nvidia dlaa anti aliasing Elder Scrolls Online

Nvidia and Zenimax Online Studios have partnered up to bring a new spin on the deep learning AI-based algorithms that power DLSS. For the first time, Nvidia will offer Deep Learning Anti-Aliasing (DLAA) for image reconstruction at native resolutions with the sole purpose of improving image quality. The promise is that the resulting image will yield sharpness and accuracy superior to other anti-aliasing techniques without too much of a performance hit. To kick things off, DLAA will appear in The Elder Scrolls Online, alongside added DLSS support in a future update.

The existing Nvidia DLSS tech was created to provide AI-assisted upscaling so that games can render at lower resolutions and then scale back up to the user’s defined resolution. The result is a much higher framerate with little to no loss in image quality, particularly for those playing at 4K resolutions or higher. The need for DLSS was clear when it was first introduced in 2018, as even high-end GPUs struggled to run games at 4K with 60 fps at the time. However, modern and future GPUs won’t struggle to do 4K60 gaming. For those that prefer maximum quality over performance, there’s now DLAA.


Quality over quantity

As already mentioned, DLAA lacks the upscaling component that’s packaged into DLSS. Instead, it renders at the native resolution but still benefits from an extra pass in the image construction pipeline where aliasing is removed and additional details are restored, presumably thanks to the AI training. The result, in the words of Zenimax Online Studio’s Creative Director Rich Lambert, is “absolutely incredible anti-aliasing.”

Lead Graphics Engineer Alex Tardif  also followed up with a joke and explanation for how the tech came into existence.  Considering how The Elder Scrolls Online is already over seven years old, the decision to implement a quality-based solution like DLAA in addition to DLSS certainly makes sense. The gameplay doesn’t really demand big framerates, and many GPUs can already run the game smoothly on high settings. In this case, there’s great reason to raise the quality levels. Hopefully Nvidia isn’t too upset about its upscaling tech getting sidelined and instead embraces the opportunity to redefine anti-aliasing solutions so that more light-weight games can look better too.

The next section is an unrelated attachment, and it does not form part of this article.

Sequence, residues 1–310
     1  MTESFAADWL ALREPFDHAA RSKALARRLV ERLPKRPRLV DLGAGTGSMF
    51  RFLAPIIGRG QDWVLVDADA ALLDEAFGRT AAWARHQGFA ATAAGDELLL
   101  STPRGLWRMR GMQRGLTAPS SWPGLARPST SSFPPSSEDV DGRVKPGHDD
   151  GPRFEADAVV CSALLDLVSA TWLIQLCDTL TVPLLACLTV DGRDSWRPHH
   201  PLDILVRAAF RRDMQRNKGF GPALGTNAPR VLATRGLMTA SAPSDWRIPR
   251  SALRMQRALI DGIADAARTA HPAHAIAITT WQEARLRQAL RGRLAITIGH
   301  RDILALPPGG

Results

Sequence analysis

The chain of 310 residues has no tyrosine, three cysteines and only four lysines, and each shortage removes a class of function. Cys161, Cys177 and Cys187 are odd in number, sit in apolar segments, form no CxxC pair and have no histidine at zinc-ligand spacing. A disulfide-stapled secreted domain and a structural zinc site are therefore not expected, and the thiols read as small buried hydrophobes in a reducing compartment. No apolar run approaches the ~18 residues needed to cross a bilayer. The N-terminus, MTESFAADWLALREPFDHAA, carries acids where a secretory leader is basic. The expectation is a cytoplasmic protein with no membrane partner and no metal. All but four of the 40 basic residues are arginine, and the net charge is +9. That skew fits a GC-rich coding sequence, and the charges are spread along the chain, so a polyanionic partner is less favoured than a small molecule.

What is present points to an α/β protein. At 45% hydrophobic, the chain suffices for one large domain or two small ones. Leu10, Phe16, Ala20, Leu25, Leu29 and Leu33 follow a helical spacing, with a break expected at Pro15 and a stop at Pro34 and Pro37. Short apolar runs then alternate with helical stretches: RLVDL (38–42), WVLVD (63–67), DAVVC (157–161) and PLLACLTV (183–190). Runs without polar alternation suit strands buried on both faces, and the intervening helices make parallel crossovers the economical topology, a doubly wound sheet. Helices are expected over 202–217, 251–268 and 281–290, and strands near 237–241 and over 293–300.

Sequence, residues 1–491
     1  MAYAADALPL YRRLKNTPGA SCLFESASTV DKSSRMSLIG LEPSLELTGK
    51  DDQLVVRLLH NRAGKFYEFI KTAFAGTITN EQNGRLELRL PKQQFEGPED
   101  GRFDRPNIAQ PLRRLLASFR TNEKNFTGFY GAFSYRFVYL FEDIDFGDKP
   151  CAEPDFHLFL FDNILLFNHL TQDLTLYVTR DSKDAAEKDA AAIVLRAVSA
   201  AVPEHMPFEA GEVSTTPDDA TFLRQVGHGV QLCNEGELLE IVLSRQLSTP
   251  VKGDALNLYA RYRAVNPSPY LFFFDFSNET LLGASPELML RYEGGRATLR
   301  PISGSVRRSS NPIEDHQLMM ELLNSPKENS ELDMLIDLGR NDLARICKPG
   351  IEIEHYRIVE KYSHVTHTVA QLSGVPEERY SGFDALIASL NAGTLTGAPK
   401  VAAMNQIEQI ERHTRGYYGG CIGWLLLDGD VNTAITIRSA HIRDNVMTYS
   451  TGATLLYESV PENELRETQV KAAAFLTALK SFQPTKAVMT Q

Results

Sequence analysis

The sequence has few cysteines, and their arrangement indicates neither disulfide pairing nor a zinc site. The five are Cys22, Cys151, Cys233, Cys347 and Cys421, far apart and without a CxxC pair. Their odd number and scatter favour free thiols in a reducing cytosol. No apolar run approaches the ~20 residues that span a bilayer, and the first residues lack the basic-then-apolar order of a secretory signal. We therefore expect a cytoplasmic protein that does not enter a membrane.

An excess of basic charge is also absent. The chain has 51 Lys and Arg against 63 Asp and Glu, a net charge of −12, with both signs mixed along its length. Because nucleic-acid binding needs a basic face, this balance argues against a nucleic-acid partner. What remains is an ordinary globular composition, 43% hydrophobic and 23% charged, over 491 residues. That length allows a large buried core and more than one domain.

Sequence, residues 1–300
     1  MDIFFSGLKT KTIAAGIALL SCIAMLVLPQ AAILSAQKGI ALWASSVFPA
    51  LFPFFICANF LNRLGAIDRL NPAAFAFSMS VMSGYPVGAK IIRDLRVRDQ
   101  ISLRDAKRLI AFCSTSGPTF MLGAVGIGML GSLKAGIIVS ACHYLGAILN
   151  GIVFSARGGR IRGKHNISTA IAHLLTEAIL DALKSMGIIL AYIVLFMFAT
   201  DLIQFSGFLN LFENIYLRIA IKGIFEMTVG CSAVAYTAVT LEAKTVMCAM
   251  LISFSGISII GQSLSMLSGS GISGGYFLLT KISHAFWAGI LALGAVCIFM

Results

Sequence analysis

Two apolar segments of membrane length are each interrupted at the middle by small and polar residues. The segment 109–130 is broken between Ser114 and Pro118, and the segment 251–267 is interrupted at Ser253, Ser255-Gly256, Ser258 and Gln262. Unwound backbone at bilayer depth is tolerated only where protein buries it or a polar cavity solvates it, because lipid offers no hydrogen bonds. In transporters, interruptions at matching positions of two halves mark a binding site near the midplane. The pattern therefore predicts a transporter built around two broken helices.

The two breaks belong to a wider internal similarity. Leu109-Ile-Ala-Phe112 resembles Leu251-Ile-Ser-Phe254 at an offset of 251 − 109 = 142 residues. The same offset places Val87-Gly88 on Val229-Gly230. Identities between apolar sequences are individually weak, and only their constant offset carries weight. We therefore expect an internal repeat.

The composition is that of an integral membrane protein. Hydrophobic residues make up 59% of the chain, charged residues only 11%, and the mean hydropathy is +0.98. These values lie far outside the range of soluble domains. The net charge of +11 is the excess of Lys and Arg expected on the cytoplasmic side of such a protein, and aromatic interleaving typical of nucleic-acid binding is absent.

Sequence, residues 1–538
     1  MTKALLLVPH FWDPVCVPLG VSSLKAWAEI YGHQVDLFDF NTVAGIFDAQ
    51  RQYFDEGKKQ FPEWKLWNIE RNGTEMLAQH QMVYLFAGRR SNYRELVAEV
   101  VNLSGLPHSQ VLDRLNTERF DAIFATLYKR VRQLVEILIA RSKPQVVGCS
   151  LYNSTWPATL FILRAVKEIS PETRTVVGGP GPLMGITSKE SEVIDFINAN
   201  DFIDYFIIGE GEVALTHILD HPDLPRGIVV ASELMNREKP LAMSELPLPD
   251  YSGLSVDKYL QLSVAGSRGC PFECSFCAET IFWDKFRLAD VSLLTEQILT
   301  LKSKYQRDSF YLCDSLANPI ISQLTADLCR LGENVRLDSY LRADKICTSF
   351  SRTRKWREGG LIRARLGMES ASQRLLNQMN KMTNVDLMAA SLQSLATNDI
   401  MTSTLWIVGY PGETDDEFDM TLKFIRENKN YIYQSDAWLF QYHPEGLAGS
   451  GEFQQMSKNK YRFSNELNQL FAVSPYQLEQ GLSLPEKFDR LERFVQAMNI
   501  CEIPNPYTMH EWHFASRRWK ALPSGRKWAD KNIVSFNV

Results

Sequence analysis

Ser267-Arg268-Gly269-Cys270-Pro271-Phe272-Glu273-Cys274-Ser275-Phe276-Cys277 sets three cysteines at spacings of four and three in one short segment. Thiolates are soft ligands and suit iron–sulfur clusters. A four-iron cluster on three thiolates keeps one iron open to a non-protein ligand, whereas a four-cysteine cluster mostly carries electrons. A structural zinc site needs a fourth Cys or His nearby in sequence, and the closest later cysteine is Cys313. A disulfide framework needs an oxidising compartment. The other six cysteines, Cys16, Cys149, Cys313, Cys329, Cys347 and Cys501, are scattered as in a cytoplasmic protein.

All jokes aside, let’s just hope this doesn’t give Todd Howard another reason to rerelease Skyrim another time, because there’s already the upcoming Anniversary Edition due for November. As for The Elder Scrolls Online, the DLAA and DLSS update will become available soon and is already available to try on the public test server. Just remember that you’ll need an Nvidia graphics card of the 2000 or 3000 Series variety to use the tech, as DLAA relies on the new tensor cores to work.

This makes now (or when the update fully arrives) a great time to check out The Elder Scrolls Online if you haven’t already. It features nearly the entire world of Tamriel, with years of DLC to experience. The latest of which includes a big throwback to Oblivion, also in the literal sense.

Kevin Foley
Kevin's go-to gaming genres are shooters, RPGs, and tactical strategy, though he enjoys the occasional puzzle game too. When he finds a narrative he really likes, he feels inclined to tell the world all about it. When he's not writing about games, he's tinkering with tech to see how it can improve gaming experiences.

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